Hina Doll Furniture Dougu – Empress’s Koshi (Palanquin)

These accessories are called dougu in Japanese and include ceremonial items such as trays and offering stands as well as practical items such as furniture and tableware. High quality dougu are often very well made with fine craftsmanship and wood joinery and expert lacquerwork possibly decorated with   detailed maki-e finish.

During the Heian period, playing with dolls was called Hina-Asobi, and was very popular, not only among young girls, but also adult women of the nobility. The custom of displaying dolls takes center stage March 3rd, as Japan celebrates Girl’s Day with the Hina-Matsuri (doll festival), which is one of the largest period costume festivals in Japan. The centuries-old festival traces back to the Edo Period (1603-1867). This is the day families pray for the happiness and prosperity of their daughters, and to help ensure that they grow up healthy, beautiful, and married. The celebration takes place both inside the home and at the seashore. A girl’s first “Girl’s Day” is called her hatzu-zekku. On a girl’s hatzu-zekku it is very popular for the grandparents to buy her a display like the one pictured. This display can have up to seven tiers with dolls and small furniture and accessories. At the top is always the emperor and empress with a miniature gilded screen placed behind them, very much like how it is in the imperial court (see images). Most families take out this display around mid-February and put it away immediately after Hina Matsuri is over. There is a superstition that says that families slow to put away the dolls will have trouble marrying off their daughters!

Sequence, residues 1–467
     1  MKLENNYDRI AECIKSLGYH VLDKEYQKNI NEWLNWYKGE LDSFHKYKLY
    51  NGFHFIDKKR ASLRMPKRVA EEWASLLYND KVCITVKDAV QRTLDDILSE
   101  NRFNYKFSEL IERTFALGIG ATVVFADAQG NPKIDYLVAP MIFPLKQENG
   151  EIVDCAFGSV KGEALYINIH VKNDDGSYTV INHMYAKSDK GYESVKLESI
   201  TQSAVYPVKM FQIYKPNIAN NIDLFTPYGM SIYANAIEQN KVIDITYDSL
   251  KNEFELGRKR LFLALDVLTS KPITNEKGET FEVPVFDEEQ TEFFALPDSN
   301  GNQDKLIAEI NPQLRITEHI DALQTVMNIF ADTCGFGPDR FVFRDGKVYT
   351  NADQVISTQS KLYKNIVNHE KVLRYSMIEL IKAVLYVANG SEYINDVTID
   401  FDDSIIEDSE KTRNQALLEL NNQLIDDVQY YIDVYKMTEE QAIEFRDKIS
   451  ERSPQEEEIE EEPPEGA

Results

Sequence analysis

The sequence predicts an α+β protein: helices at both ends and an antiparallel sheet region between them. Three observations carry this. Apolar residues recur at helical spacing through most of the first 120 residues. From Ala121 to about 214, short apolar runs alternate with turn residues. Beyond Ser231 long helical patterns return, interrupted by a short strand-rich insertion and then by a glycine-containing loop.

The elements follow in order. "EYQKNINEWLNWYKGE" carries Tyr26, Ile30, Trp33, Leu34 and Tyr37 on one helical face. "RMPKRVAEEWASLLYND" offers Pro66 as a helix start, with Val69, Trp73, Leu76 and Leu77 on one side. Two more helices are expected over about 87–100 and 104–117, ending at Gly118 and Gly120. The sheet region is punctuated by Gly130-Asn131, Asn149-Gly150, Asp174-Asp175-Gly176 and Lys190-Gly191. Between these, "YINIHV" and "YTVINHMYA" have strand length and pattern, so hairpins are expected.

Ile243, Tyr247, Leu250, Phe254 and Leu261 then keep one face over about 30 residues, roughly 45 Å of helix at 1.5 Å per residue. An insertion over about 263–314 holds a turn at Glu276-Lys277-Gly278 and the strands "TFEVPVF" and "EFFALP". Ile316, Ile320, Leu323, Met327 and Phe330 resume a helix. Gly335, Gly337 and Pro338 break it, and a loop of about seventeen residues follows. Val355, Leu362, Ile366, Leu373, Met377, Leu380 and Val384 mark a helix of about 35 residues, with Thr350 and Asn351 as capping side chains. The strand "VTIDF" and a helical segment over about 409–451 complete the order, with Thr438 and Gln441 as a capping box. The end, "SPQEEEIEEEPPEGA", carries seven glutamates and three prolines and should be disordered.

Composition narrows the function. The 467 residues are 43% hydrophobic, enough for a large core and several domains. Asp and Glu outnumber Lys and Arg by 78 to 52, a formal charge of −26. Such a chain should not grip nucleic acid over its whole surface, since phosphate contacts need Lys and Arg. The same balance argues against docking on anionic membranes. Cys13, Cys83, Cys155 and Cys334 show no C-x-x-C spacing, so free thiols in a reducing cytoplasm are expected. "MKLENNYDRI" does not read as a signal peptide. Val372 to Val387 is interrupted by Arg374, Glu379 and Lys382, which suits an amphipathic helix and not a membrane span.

All forms of miniature Japanese furniture were replicated, including the court carriage (Koshi) offered here and made during the Showa period (1920-1940). It is hand-crafted (roof is beautifully fashioned) and painted with delicate floral design throughout. Miniature scaled brocade fabrics, tassels, stepping stool, and ladder became part of the story and usually were displayed with Hina dolls and court figures as part of the furniture collection. This piece is made of wood and lacquered in black and gold. This piece is in excellent condition with no repairs, cracks or chips. Extremely fine detailing and condition. Dimensions: 7-0”L x 2-¾”w x 3-½”h.

Note: The Hina doll furniture pieces that were made in Kyoto were called Kyo-bina, and were considered to be the highest quality in Japan.

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